This weekend I had the immense pleasure of attending the 50th reunion of the Auckland Youth Symphonic Band. I hasten to add, I was not a founding member of this institution, but it did play an enormous part in my musical development, and subsequent career choice.
I remember being a young 13 year old with a passion for music, a little bit lost in a new school across town from home, and spending inordinate amounts of time lurking in the music block – my refuge. I was a diligent clarinet student, but a little underwhelmed with what was offered for clarinet students in the way of orchestral opportunities. For starters, most of the youth orchestras only had spaces for one or two clarinet players, so that was always going to be somewhat limiting.
One day, while browsing the noticeboard in the music department, an invitation to audition for the junior band of the Auckland Youth Symphonic Band (or AYSB) caught my eye. I had no idea what a symphonic band was, but it appeared to offer a bit more interest for an aspiring clarinet player.
My auditiion was successful and early in my 4th form year I rolled up to Epsom Girls’ Grammar School on the appointed Thursday after school, clarinet in hand, and the rest is history.
By 5th form I was playing saxophone in the junior band, and travelling on to Kings’ College when that rehearsal concluded with a pack of other enthusiasts who played in both bands, and playing clarinet for the senior band til late evening. By 7th form, AYSB was my musical outlet and my social one as well. The friendships formed all those years ago endure today, in the way I described in my previous blog on the rehearsal band I still play with. We toured together several times, we played together every week, and we partied together every weekend. We came from all the corners of Auckland, and the band was our hub. It was, in many ways, our family.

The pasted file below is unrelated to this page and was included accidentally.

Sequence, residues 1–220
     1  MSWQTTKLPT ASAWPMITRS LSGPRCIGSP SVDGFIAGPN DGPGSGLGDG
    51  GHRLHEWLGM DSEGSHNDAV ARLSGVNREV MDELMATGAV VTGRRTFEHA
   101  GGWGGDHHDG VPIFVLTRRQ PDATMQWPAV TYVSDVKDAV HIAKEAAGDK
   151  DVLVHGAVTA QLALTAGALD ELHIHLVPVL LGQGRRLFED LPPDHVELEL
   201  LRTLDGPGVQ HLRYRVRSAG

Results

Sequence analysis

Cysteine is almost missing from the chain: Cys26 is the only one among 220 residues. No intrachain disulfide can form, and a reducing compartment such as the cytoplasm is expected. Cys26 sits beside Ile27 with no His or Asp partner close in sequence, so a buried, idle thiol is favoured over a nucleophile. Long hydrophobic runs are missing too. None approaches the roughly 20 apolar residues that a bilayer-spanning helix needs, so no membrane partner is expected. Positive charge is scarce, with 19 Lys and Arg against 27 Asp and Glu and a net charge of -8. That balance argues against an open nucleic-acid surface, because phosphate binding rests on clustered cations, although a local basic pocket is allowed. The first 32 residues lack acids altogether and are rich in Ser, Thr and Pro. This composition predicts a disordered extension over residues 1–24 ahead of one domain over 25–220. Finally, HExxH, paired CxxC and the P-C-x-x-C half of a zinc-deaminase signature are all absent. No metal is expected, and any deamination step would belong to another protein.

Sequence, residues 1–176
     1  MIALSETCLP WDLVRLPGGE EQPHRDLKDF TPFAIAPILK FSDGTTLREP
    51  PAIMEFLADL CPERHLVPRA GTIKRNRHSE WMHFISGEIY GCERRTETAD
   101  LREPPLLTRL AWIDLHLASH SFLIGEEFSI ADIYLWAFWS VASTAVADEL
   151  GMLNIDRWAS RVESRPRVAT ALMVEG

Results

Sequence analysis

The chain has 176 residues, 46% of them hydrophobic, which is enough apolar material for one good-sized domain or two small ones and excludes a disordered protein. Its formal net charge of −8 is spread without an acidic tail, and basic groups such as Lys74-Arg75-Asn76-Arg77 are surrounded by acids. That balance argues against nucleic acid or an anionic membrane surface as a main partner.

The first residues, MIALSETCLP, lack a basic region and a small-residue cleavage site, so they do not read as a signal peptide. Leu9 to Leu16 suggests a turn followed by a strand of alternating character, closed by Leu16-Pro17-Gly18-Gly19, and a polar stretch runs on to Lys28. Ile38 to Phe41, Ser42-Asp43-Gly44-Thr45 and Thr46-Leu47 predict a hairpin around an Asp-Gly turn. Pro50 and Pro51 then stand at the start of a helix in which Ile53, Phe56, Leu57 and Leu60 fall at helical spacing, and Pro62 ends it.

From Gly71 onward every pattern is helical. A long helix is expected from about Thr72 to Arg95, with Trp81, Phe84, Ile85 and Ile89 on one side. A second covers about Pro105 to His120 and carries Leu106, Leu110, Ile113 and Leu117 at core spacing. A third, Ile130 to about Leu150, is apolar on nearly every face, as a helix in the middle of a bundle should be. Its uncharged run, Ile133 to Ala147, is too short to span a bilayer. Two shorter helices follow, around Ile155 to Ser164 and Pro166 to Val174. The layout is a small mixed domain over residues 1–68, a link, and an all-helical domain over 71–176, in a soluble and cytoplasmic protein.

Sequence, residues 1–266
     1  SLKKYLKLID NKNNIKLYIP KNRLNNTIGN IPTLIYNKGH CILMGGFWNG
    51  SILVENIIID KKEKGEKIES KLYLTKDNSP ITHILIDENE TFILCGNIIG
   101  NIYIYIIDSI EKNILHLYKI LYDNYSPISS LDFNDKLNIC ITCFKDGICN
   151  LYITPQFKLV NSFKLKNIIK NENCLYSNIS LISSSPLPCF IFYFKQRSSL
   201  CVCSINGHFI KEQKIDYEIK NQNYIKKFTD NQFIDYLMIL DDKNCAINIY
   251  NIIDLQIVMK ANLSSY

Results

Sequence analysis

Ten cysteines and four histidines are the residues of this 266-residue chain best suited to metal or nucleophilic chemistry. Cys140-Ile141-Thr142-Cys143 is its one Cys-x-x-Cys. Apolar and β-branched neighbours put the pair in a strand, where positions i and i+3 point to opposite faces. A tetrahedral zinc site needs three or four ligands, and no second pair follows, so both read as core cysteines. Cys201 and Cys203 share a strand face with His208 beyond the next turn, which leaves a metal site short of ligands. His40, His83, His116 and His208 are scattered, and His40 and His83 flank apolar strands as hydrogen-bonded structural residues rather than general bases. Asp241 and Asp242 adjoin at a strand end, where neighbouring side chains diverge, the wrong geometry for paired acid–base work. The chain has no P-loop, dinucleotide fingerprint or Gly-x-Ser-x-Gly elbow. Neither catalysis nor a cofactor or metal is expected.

Out of the AYSB came a fun trad. band that we formed and we would play small gigs and public performances around Auckland. This was my first foray into gigging, and it was fun for a teenager with an ever increasing passion for music.
Then out of that band came the Queen City Big Band – still an Auckland institution today. It was founded out of the playing roster of the AYSB in 1979, coming together after a band rehearsal to try out a few charts on the stage at Epsom Girls’, just to see how it felt. This band was pulled together by the passion and organisational skills of two of my oldest friends, Phil Hickman and Ross Sinclair. They saw the possibilities and had the imagination to take our collective musical journey to the next level, and for that I will always be grateful.
On Saturday at the reunion I re-connected with many people I had not seen for 30 odd years, and more importantly, I had the opportunity to talk to our former musical director, High Dixon (now 89) and thank him for the part he played in forming my musical self.
Under the courageous baton of the extraordinarily talented David Adlam, we also formed a combined band for one last blow through some of our favourite concert band tunes of days gone by.
The first piece I ever played with the band back as a shy 14 year old was the then immensely popular Hogan’s Heroes march. It was also the last piece I ever played with the massed band for past and current players at the reunion last weekend.